Quickhatch “wolverine” is a borrowing of East Cree kwi˙hkwaha˙če˙w, with the spelling and pronunciation altered significantly probably because of association with the similar-sounding yet unrelated words quick and hatch. East Cree belongs to the Algonquian family of languages, and the cognate of kwi˙hkwaha˙če˙w in East Cree’s close relative Montagnais was kwa·hkwa·če·w, which was borrowed into French and became carcajou, another name for the wolverine. Wolverines are also known as gluttons, and while glutton is of Latin origin, it is used as a name for wolverines as a translation of German Vielfrass “eating much.” Quickhatch was first recorded in English in the late 1600s.
He is sometimes called wolverine .… The European labourers in the service of the Hudson’s Bay Company call him Quickhatch …. Some people seem to think that he is a variety of the badger; others, that he is a kind of bear. The glutton is so greedy that he stuffs himself till he is ready to burst. But some writers say that this is fable. But all agree that he is very troublesome to man.
The wolverine—also called the mountain devil, the quickhatch, the carcajou, the skunk bear––is a cantankerous, and sometimes vicious animal about the size of a small labrador retriever. It is the largest land dweller in the weasel family, and an an odd fit to be at the vanguard in the debate of how climate change threatens animals and what should be done about it.
relating to or being a shadowy, indefinite, or marginal area.
Penumbral “relating to or being a shadowy area” is the adjectival form of New Latin penumbra, which 17th-century astronomer Johannes Kepler coined in 1604 as a combination of Latin paene “almost” and umbra “shade.” Umbra is also the source of the English terms somber, umber, umbrage, and umbrella, all of which originally had senses related to shadows or darkness. While penumbra and umbra in the context of astronomy today both refer to the shadow that results when a planetary body cuts off direct light, a penumbra results when the light is only partially cut off, while an umbra results when the light is fully blocked. Penumbral was first recorded in English in the 1660s.
The lock buzzed and she pushed inward to a claustrophobic hall of black-painted walls and sticky green carpet. Beyond that, a narrow staircase led down to a nightclub that managed to be both garish and penumbral. Nearly a dozen rooms ran off the lower corridor, which finally opened into a dance floor and bar. On the wall was a pair of crossed scimitars, vaguely Baltic in origin.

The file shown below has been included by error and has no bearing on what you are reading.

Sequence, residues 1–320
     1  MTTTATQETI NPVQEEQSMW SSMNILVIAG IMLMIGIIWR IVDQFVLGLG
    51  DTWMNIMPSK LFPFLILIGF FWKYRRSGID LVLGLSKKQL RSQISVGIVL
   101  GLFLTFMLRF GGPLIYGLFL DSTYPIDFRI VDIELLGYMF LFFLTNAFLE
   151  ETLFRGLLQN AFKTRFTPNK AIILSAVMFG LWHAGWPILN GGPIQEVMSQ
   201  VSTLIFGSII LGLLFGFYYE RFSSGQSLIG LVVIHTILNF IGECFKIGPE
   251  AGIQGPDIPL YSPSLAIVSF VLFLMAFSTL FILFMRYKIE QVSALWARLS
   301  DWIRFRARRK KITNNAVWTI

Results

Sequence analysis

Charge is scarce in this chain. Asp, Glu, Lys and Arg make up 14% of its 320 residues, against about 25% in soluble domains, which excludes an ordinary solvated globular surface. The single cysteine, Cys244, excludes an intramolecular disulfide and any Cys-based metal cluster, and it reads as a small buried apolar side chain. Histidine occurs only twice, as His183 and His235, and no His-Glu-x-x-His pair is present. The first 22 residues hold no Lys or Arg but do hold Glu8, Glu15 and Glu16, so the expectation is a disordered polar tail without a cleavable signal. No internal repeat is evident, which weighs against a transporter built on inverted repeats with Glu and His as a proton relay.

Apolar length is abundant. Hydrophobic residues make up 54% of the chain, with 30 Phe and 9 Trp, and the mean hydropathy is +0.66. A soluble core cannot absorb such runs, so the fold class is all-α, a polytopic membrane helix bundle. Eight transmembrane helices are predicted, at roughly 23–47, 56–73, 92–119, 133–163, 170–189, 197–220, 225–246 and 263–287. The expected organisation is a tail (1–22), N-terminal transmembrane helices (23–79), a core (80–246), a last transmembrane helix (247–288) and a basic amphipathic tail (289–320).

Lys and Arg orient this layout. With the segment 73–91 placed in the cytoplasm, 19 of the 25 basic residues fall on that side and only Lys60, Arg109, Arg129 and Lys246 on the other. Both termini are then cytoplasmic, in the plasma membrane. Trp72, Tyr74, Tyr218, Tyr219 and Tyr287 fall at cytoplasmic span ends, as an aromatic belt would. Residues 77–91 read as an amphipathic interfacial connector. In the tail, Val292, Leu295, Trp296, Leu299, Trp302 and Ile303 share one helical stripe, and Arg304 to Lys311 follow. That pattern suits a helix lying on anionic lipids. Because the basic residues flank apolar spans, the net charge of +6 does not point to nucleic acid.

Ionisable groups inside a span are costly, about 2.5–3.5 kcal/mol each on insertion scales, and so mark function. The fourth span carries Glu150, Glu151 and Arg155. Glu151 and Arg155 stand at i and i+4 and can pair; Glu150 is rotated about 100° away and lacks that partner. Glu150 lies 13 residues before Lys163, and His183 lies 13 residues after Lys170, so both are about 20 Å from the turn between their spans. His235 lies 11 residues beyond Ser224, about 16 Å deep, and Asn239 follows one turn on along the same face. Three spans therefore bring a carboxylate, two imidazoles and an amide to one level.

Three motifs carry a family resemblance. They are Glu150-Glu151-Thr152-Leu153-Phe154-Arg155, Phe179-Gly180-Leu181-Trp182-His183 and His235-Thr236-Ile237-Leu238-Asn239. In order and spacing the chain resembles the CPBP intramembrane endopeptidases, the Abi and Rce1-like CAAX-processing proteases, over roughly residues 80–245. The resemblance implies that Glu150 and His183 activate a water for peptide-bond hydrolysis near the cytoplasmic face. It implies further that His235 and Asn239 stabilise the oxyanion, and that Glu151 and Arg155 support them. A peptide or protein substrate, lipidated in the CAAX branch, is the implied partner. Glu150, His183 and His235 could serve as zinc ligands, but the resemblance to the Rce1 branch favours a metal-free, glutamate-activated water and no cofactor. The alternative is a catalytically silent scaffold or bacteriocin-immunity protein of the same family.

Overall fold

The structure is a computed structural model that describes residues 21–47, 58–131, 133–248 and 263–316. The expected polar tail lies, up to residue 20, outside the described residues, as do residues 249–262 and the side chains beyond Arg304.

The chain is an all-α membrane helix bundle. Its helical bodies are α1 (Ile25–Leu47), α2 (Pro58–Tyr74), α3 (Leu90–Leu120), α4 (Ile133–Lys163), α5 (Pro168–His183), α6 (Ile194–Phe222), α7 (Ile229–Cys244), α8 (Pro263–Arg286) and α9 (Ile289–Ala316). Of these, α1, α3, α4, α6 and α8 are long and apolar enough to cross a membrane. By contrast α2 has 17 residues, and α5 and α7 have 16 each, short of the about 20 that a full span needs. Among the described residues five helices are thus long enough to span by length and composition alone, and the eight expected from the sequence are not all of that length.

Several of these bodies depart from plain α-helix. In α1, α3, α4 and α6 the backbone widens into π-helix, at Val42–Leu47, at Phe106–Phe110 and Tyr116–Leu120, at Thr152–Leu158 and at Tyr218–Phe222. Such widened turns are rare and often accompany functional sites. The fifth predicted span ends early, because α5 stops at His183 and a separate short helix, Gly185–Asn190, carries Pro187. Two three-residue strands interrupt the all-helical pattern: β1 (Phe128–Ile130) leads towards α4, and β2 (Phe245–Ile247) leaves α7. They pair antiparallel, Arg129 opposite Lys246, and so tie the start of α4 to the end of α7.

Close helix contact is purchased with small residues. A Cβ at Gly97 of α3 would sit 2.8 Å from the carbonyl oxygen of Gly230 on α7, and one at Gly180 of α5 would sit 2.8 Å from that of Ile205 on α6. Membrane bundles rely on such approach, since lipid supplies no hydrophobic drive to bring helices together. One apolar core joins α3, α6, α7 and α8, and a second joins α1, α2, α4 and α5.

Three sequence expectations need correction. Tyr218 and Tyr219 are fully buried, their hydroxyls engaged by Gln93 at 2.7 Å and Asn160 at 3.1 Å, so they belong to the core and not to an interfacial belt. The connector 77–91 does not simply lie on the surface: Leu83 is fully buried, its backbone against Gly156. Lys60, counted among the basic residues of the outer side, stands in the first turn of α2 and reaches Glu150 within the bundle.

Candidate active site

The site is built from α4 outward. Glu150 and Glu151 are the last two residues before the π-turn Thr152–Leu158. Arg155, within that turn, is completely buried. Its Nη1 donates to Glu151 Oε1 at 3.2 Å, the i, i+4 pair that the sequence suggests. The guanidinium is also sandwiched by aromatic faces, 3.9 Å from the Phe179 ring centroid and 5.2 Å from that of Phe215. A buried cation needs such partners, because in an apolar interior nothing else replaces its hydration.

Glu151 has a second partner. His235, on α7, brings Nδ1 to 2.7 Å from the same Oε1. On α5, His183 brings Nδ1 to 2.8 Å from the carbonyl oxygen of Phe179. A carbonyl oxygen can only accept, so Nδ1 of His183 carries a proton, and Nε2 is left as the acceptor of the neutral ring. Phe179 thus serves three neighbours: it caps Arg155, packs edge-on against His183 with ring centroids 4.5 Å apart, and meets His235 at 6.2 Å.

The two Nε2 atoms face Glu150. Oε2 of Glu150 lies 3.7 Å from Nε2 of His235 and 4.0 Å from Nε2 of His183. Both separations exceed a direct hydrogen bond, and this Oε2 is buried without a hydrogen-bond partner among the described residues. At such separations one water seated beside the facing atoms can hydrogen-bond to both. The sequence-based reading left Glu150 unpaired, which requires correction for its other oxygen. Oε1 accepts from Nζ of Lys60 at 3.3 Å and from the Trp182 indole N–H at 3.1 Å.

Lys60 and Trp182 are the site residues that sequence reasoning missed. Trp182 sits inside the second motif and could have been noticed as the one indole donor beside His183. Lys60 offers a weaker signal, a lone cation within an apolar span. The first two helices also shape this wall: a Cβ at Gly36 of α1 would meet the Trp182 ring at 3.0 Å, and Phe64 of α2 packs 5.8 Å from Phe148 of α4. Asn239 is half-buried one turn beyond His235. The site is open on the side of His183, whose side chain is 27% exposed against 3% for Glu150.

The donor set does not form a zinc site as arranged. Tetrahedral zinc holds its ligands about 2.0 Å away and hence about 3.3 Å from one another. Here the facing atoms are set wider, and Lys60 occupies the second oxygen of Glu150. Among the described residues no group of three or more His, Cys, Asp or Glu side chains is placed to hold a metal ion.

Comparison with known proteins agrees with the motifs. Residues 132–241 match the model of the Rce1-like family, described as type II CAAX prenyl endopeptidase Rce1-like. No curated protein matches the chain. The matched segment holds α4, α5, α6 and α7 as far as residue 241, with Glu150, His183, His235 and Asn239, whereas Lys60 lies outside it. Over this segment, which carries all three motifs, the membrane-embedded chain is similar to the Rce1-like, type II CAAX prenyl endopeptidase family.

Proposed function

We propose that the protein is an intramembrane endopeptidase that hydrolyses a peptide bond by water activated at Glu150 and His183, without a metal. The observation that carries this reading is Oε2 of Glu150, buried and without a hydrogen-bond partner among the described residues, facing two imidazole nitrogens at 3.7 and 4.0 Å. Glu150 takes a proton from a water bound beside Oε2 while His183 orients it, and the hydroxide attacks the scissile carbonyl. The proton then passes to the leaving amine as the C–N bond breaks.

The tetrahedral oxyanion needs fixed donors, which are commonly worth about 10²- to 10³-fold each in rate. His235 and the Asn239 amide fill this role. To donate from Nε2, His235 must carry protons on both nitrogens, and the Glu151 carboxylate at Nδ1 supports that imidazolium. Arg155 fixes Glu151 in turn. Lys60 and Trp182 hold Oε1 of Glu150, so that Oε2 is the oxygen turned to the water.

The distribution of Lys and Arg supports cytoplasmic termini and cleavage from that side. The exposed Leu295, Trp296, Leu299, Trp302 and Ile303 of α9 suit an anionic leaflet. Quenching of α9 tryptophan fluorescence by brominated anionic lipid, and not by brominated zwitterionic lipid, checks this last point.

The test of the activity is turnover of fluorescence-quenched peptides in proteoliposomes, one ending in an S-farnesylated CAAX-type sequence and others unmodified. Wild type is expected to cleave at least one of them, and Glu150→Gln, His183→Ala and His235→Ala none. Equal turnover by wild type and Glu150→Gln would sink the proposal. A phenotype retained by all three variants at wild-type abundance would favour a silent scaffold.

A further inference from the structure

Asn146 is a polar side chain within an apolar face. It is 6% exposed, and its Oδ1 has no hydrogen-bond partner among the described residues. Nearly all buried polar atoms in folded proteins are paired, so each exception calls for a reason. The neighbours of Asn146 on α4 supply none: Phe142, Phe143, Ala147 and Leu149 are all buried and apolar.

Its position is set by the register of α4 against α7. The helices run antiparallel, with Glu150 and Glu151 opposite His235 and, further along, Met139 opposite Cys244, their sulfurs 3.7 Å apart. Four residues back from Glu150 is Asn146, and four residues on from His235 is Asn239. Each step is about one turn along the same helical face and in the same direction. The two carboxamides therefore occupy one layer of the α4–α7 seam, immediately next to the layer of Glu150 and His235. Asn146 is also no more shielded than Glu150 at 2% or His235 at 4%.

After a while the darkness gets the better of her. It cannot even be called darkness anymore, since she’s begun to see bluish filaments of lights coiling and uncoiling like glowing threads in the space above her .… When she can no longer resist—it’s either turn on the light or continue to pinch her face to remind herself she has form and heft and isn’t merely a pair of eyes connected to a brain in shapeless dark—the penlight throws a ghostly penumbral beam on the far wall, temporarily banishing these.
a South Korean conglomerate, usually owned by a single family, based on authoritarian management and centralized decision-making.
Chaebol “a South Korean conglomerate” is a direct borrowing from Korean and is composed of chae “wealth, property” and pŏl “clique, faction.” However, while chaebol is a Korean term, its origins lie across the Sea of Japan; chaebol reflects the Korean pronunciation of the kanji characters that are used in Japanese to spell the word zaibatsu “a large industrial or financial conglomerate of Japan,” making chaebol the Korean loan translation of zaibatsu. Both chaebol and zaibatsu originated as borrowings from Middle Chinese dzoi “wealth” and bjot “powerful family” (compare Mandarin Chinese cái and fá). Chinese is a member of the Sino-Tibetan language family, and though neither Japanese nor Korean belongs to this family, earlier versions of the Chinese language were once heavily influential on the non-Sinitic languages of East Asia. Chaebol was first recorded in English in the 1970s.
South Korea’s family-run conglomerates are facing calls for a shakeup in their governance .… The conglomerates known as chaebol have come under the reform buzz saw before, only to emerge bigger and stronger than ever. The country’s four biggest chaebol groups account for around half the stock market’s value, according to the Korea Stock Exchange.
Officials worry that as firms such as Naver, which began life as a search engine, and Kakao have expanded into anything from ride-hailing to personal finance, they have picked up the bad habits of the chaebol. These sprawling conglomerates were instrumental in making South Korea rich and continue to dominate its economy. But they are notorious for murky governance structures, oligopolistic business practices and close ties with the political elite.
Get A Vocabulary Boost In Your Inbox